OUT OF THE PAST
MOVIES FOR TELEVISION: On the set of the 1972 DGA Award-winning movie for television That Certain Summer. Pictured are the film's director, Lamont Johnson (center), and actors Martin Sheen (left) and Hal Holbrook (right). That Certain Summer was a landmark movie for television. It brought to many American homes the turmoil faced by gay men reluctant to tell their families the truth about their sexual orientation. The film won not only the DGA Award for movies for television, but from the five 1972 DGA television winners, Lamont Johnson was selected as the most outstanding television director. (Photo Courtesy of Lamont Johnson)
By training, directors learn to expect the unexpected. Here are some quirky shots of directors who found themselves in unusual situations.
Spike Jonze offers some acting tips to one of the beasts in Where the Wild Things Are (2009), an adaptation of Maurice Sendak’s classic children’s book.
Director George Roy Hill kicks up his heels while making The World of Henry Orient (1964) in New York.
Wes Anderson gets around in style in The Royal Tenenbaums.
Vincente Minnelli directs Margaret O’Brien and Joan Carroll in the Halloween scene from Meet Me in St. Louis (1944).
Alfred Hitchcock directs some of his fine feathered friends on the Bodega Bay set of The Birds (1963).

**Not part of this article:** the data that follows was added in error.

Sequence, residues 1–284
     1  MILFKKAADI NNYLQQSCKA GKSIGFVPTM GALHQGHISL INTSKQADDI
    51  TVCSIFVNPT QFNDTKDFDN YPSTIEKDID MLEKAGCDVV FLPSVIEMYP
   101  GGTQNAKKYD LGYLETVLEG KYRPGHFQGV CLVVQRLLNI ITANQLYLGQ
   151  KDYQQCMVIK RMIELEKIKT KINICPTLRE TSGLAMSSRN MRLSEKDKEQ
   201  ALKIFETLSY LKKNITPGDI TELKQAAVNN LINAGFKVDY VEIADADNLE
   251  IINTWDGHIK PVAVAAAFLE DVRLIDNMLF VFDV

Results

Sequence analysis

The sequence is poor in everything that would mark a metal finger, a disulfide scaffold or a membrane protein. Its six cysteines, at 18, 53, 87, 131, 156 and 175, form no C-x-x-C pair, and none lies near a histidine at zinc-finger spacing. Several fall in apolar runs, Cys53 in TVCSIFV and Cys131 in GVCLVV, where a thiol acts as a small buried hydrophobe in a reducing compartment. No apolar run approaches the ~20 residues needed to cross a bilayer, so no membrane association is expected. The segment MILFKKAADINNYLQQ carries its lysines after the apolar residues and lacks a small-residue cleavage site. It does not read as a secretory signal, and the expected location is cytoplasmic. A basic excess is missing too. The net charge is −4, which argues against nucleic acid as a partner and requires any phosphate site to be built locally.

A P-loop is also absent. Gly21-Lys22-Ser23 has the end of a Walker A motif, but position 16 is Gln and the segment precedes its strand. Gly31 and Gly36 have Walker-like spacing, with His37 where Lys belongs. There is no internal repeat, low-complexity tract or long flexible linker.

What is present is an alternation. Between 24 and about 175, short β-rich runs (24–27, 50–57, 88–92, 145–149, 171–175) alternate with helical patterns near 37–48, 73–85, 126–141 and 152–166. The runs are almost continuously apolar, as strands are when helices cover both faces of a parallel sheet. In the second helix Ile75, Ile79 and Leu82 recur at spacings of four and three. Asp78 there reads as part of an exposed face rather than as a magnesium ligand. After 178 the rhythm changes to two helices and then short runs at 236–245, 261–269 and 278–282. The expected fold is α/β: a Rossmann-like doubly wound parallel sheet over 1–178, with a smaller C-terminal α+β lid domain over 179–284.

Paul Mazursky shows Robin Williams how to blow in Moscow on the Hudson (1984).
Robert Aldrich shows Bette Davis how to step into a scene on the set of What Ever Happened to Baby Jane? (1962).
Commercial directors have a tough job these days. They used to have a full 30 seconds to tell their stories, but that's changing.
There can be no more interwoven relationship in filmmaking than that between a director and editor. Many have maintained career-long collaborations with those they feel to be their creative soul mates.
The origin of the one director to a film policy.
This year will mark the 40th birthday of the Movie of the Week (MOW) and, not surprisingly, the event will prompt something of a midlife crisis.
Few television shows enter the public awareness as brazenly as HBO's The Sopranos. Directors Timothy M. Van Patten, Henry Bronchtein and John Patterson discuss their experiences on the show.
Lamont Johnson talking with the stars of That Certain Summer; Martin Sheen and Hal Holbrook.
Moderated by producer and AAC committee co-chair, Wenda Fong.